Tell us about your character. How would you describe him in one word?
The sheriff of Maycomb County is a community fixture. Everyone knows and respects him, for the most part, and he is well liked by Atticus and his family, Calpurnia, Judge Taylor, and Miss Maudie. He has been in Maycomb all his life and knows everyone and everything that goes on in the town. He is not a tremendously educated man but doesn't need to be to perform his job well. He is honest, loyal and dedicated to doing the right thing. To describe the sheriff with one word, I would keep it simple: the sheriff is Good. This is a plain word which carries the very heavy weight of the truth. When presented with the challenge of deciding the fate of Boo and Jem at the end of the play, he is not afraid to stand up to Atticus and insist on "the right thing" even if it does not follow the letter of the law.
What were some challenges you faced while working on this piece?
I have gravitated often to works which originate in literature, A Christmas Carol with LTA, One Flew Over The Cuckoo's Nest, among others, and the challenge with such projects is to overcome the barriers of narrative and preconceived notions of interpretation in the viewer's mind. This is a basic challenge in any piece, of course, but with literature, once a book is read, with the pictures complete in the mind, how does one choose to portray the piece on the stage. You don't read most books in two hours (even though Dickens read Christmas Carol onstage) so how do you condense a story down, what do you leave in, what do you leave out? Frank has given the actors here great latitude to include bits from both the novel and the film and many of us, myself included have taken him up on this opportunity.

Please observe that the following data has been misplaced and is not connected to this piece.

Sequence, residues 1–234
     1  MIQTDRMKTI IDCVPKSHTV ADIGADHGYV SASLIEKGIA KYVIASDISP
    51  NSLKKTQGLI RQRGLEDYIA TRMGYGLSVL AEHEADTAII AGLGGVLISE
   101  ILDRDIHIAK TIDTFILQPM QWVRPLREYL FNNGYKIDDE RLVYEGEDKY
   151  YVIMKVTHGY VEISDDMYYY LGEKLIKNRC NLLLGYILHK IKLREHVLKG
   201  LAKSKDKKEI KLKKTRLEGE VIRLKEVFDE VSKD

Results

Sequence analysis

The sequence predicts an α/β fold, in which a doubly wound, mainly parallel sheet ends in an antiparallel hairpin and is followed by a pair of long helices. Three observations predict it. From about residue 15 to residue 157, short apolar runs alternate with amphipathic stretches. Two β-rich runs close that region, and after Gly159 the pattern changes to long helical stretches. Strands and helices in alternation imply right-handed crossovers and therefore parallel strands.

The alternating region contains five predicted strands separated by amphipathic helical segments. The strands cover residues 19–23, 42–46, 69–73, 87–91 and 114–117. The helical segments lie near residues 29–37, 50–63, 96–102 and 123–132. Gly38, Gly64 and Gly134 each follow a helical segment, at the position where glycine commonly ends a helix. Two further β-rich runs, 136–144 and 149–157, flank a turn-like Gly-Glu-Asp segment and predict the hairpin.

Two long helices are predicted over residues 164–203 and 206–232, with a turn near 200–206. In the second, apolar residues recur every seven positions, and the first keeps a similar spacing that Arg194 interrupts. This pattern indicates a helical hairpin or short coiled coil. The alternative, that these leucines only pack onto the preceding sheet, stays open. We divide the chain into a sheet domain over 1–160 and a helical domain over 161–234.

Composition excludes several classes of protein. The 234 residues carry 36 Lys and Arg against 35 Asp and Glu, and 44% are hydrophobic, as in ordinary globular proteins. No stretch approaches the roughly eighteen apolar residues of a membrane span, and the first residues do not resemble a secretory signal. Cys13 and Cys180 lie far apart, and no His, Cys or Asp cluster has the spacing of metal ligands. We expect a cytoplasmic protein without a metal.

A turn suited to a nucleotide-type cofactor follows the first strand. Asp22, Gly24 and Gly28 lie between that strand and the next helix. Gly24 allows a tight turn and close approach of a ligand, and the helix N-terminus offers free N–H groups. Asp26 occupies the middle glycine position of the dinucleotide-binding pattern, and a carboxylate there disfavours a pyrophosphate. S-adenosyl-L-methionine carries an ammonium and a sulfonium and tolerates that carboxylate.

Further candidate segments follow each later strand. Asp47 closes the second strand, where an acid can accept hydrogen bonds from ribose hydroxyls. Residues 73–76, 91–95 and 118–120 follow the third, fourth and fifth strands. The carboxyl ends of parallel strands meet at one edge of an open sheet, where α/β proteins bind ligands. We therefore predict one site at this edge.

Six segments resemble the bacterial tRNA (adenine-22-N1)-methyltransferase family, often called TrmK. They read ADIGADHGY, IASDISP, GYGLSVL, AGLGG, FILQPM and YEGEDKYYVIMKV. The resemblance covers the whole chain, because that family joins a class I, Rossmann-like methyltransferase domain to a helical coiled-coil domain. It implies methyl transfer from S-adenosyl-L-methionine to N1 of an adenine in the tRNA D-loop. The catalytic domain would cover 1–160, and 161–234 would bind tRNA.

What do you hope the audience takes away with this play?
Well I don't have to restate that this is one of the most popular novels written, possibly the greatest American novel. The lessons and message are clear, right, proper and timeless. I have read and re-read the novel several times, including in the last couple of months, read the recently published Go Set A Watchman, which I liked but understood why others didn't, I have read an interview piece called The Mockingbird Next Door, by a Chicago Tribune writer named Marja Mills which chronicles extensive time spent with the Lee sisters, and of course have followed all the controversy of the recent past with the estate and squabbling over what was and wasn't intended after the passing of Nelle Harper, as her sister Alice referred to her. Most of our audience will know the piece, so it is incumbent upon us to tell the story as honestly and accurately as we can.
How does this show differ from other shows you have worked on?
I did the show with Firebelly Productions in 2006, also playing the sheriff, and that production was thoroughly enjoyable, though quite stylized in a small space over at Theatre On The Run. This cast is larger, the set more realistic, and the previously mentioned freedom to include further moments from book and film I think will help the audience to feel at ease in the world Ms. Lee created.
How long have you been acting? How did you get involved with LTA?
I have always had an ear for characters and began acting in high school, my first community theatre was as a sophomore in high school. I have always enjoyed performing for audiences, have not done it nearly enough but am working hard to change that now (get ready to see a lot more of me at auditions all you local directors!!) My first show at LTA was A Christmas Carol in 2004, under the direction of the great Donna Farragut. I have done Dickens classic now six times and enjoy most the role of Jacob Marley. I also performed in Picasso At The Lapin Agile in 2006.
What advice would you give others who want to get involved in theatre?
The best advice for aspiring theatre people is to simply do it. Equip yourself with a thick skin and jump in head first. Audition. Participate. Volunteer. Network. Have fun!!!! Washington, D.C. is one of the best cities in the country for live theatre because of the spectrum of different theatres. From Broadway level professional to independent creative to basic traditional community groups, there is something for everyone!!!
What have you learned about yourself while playing this role?
I have learned that I must never stay away from theatre for very long because it is my second family. In theatre there is empathy, understanding and connection. Necessary to the craft, these tools of interaction are also essential in life. To tell a story, a meaningful honest true story, and have it stay with an audience as a lesson, and a learning process, is the goal of theatre, and it is a pretty good life goal too!!! Enjoy the show!!!